This week the news of Spotify buying two well-regarded podcast production companies came across my desk. It is reasonably well known that I am of the opinion that bundling podcasts in with music apps is a terrible idea from a user experience perspective, but those feelings alone weren’t what caused this news story to stick in my craw. No, what really twists my knickers is that this is the antithesis of the spirit of podcasting.

Exclusivity is anathema to podcasting. The technical and social infrastructure it’s built upon is not an accident, and through nothing short of a miracle it has remained untainted for nearly fifteen years. Even Apple, which inarguably helped podcasting grow to what it is and left its mark on the technology eponymously for all time (even long after the devices it was named for stopped being sold), took pains to keep podcasting independent and decentralized. They could have required people to upload content directly to Apple’s own servers, and could have made a proprietary subscription format instead of the standardized RSS technology that podcasting is actually built upon, but they didn’t. They embraced this openness, or at least they didn’t fight it. They even made many of their APIs open for any developer to build upon (which Vocal takes great advantage of, as iTunes supplies the podcast directory in it).

The same thing that makes me so excited about, and so proud to work on, open source software is the exactly same thing that I’ve always loved about podcasts. Anyone with a microphone and an internet connection can create an absolutely riveting, handcrafted radio or television program. Creators can make content about topics that are important to them. Sometimes that leads to massive, public successes (looking at you, Serial), and sometimes it leads to a niche podcast beloved by a tiny, yet devoted audience. But either way, as a result we end up with hundreds of thousands of shows producing new, reguarly updated episodic entertainment for us to enjoy, which is completely free and entirely accessible to everyone.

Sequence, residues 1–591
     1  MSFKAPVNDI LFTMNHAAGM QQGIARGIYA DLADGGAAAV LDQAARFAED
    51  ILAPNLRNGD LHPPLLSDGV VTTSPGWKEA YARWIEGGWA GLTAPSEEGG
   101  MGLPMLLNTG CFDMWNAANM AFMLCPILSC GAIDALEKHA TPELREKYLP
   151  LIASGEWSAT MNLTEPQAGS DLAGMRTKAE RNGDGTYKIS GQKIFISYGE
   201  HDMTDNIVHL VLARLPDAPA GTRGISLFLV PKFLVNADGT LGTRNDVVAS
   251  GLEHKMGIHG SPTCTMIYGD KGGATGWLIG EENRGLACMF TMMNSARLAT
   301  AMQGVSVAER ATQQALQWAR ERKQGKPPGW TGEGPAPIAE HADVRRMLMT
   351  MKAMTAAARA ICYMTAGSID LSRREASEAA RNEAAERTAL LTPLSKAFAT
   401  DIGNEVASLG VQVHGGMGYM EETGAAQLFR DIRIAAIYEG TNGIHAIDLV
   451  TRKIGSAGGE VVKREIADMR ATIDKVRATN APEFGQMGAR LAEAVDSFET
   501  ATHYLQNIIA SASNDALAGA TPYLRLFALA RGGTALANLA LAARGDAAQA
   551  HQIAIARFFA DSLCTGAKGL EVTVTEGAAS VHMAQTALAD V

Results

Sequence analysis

That’s why I wince when I read sentences in articles saying that these new aquisitions will “lock more original content to the service, and could draw people over from rivals like Apple Podcasts or Stitcher” (from the linked Verge article above). That’s not what podcasting is about. I’m concerned that in the future we will have little silos of podcast-like content, where one must subscribe to a particular company’s service to gain access to a locked-away show that will only play in DRM-encumbered, closed-source apps provided directly by the hosting company. I’m not interested in that future, and will not support any show or platform that intends to make it a reality.